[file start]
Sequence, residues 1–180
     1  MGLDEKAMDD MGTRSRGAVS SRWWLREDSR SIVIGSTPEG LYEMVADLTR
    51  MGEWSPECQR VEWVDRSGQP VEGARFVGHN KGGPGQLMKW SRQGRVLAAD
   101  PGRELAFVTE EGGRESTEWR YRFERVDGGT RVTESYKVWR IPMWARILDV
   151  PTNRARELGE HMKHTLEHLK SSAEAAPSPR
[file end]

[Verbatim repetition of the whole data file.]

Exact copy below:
Sequence, residues 1–180
     1  MGLDEKAMDD MGTRSRGAVS SRWWLREDSR SIVIGSTPEG LYEMVADLTR
    51  MGEWSPECQR VEWVDRSGQP VEGARFVGHN KGGPGQLMKW SRQGRVLAAD
   101  PGRELAFVTE EGGRESTEWR YRFERVDGGT RVTESYKVWR IPMWARILDV
   151  PTNRARELGE HMKHTLEHLK SSAEAAPSPR